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Thursday, July 19, 2018

Love,affection of distant kin good enough for donation of organs: HC

In what could script new rules for organ donation between distant relatives,the Delhi High Court on Tuesday said that love and affection between the donor and recipient held top priority in such cases and a request could not be turned down simply because a family member had not stepped forward.

Written by Utkarsh Anand | New Delhi | Published: May 16, 2012 1:05:26 am

In what could script new rules for organ donation between distant relatives,the Delhi High Court on Tuesday said that love and affection between the donor and recipient held top priority in such cases and a request could not be turned down simply because a family member had not stepped forward.

Justice Vipin Sanghi made these observations while adjudicating a petition by Parveen Begum who was in dire need of a kidney. The Sir Ganga Ram Hospital’s authorisation committee had turned down her request to receive the organ from her niece.

Her case was first reported by Newsline on April 24 when her family moved court against the hospital’s decision.

Justice Sanghi said that a hospital’s authorisation committee,which examines cases of organ donation between distant relatives,could reject such a request only when there is ground to apprehend that the donation involved commercial transaction.

“Merely because in a given case,a near relative may not be willing to donate his or her organ/tissue to the recipient,it is not ground to either raise suspicion of a commercial transaction,or to reject the case altogether. It is not the mandate of the authorisation committee to compel or drive the near relative of the recipient to donate their organ/tissue to the recipient,” he said.

Justice Sanghi opted to interpret the term “payment” under the Transplantation of Human Organ and Tissues Act and noted that this would not cover a monetary transaction between a donor and recipient in the past when such a transplant was not required.

“It refers to a monetary payment made by a donor on his or her behalf to a recipient as consideration for the donation of an organ. It does not refer to a contribution,gift or monetary support made or granted gratuitously in the past,when even the need for organ transplant was not in existence. The test is,whether the said payment would not have been made but for the donor agreeing to donate his or her organ,” he said.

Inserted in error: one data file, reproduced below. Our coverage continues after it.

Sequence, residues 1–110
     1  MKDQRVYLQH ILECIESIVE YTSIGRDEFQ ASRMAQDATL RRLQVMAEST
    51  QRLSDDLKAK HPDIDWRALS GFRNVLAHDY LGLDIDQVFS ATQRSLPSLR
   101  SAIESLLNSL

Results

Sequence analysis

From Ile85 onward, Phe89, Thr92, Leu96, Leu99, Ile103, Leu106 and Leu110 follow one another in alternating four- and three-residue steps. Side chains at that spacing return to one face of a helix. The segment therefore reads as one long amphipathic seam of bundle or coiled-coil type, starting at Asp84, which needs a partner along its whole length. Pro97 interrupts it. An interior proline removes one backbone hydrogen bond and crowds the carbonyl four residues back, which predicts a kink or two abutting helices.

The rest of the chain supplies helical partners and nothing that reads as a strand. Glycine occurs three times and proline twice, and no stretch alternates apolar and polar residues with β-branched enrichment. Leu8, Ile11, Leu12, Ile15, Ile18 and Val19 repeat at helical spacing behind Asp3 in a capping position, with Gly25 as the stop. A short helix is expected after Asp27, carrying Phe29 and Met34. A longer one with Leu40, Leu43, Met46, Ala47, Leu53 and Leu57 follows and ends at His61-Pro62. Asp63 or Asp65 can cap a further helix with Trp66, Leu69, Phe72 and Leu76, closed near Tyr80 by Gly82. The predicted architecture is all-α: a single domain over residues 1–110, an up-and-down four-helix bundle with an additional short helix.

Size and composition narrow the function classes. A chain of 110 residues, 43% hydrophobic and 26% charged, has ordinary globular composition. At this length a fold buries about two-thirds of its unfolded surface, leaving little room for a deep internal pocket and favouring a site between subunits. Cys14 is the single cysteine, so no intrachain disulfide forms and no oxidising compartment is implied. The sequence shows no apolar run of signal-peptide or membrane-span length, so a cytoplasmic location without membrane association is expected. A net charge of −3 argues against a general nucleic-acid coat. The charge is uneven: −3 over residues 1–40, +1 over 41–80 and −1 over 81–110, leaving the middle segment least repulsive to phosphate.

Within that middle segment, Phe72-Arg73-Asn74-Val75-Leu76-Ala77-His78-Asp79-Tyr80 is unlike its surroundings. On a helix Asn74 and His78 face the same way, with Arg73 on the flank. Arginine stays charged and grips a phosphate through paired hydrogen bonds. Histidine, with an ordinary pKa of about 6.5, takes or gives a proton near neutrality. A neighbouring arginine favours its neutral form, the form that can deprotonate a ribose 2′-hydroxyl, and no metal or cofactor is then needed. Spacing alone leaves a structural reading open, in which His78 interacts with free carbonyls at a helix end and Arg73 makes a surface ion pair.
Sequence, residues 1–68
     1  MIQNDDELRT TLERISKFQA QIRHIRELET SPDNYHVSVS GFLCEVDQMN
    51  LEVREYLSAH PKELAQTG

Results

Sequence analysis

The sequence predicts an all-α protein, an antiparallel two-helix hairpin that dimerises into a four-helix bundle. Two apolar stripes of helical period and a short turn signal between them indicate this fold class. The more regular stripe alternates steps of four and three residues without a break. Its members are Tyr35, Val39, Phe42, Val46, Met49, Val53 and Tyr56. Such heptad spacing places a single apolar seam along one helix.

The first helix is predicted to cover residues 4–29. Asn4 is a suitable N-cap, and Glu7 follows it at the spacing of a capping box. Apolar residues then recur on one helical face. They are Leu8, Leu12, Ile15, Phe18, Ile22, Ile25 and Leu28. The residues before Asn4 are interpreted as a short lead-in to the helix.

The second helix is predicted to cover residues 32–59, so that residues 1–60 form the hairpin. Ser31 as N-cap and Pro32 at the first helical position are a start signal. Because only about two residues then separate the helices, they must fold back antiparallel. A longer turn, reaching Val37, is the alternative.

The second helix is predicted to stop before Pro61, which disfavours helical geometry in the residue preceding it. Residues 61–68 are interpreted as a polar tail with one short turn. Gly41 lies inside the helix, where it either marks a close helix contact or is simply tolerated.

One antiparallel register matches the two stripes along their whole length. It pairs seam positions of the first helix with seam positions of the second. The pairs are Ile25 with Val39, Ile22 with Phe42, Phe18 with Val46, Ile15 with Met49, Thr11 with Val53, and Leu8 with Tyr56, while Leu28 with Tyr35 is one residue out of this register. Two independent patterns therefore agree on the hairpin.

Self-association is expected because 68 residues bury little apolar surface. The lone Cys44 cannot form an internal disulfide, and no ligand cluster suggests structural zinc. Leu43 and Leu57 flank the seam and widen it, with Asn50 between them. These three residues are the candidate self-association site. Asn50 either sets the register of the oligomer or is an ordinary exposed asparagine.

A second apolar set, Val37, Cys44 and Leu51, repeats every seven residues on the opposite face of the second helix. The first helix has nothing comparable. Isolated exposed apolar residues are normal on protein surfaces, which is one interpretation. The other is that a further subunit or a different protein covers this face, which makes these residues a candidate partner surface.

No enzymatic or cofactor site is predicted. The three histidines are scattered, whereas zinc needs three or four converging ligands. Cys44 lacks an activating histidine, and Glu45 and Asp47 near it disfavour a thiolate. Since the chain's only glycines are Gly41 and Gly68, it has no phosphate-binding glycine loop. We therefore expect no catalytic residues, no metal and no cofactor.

Justice Sanghi noted that financial disparity between the donor and the recipient will also not come in the way of such donations unless the committee has something material on record indicating involvement of commercial elements.

Going a step further,he said that a sense of love,affection and gratitude,once established,provided the impetus to donate one’s organ,and any financial help by the recipient’s family in future could not lead to a conclusion that a monetary deal was struck between them at the time of the donation.

After examining the records in Parveen Begum’s case,the court found infirmities in the committee’s decision,quashed it and ordered the committee to give formal approval for the donation in two days.

Justice Sanghi underlined that there were photographs on record to show the family pedigree proving their relationship; various reports from authorities prepared after local examination at Meerut; photographs taken 30 years ago and a statement from the niece.

The niece had stated that her aunt and her family had helped her financially and also supported her family otherwise when they were in penury and that she now wished to help her,out of gratitude,by donating one of her kidneys.

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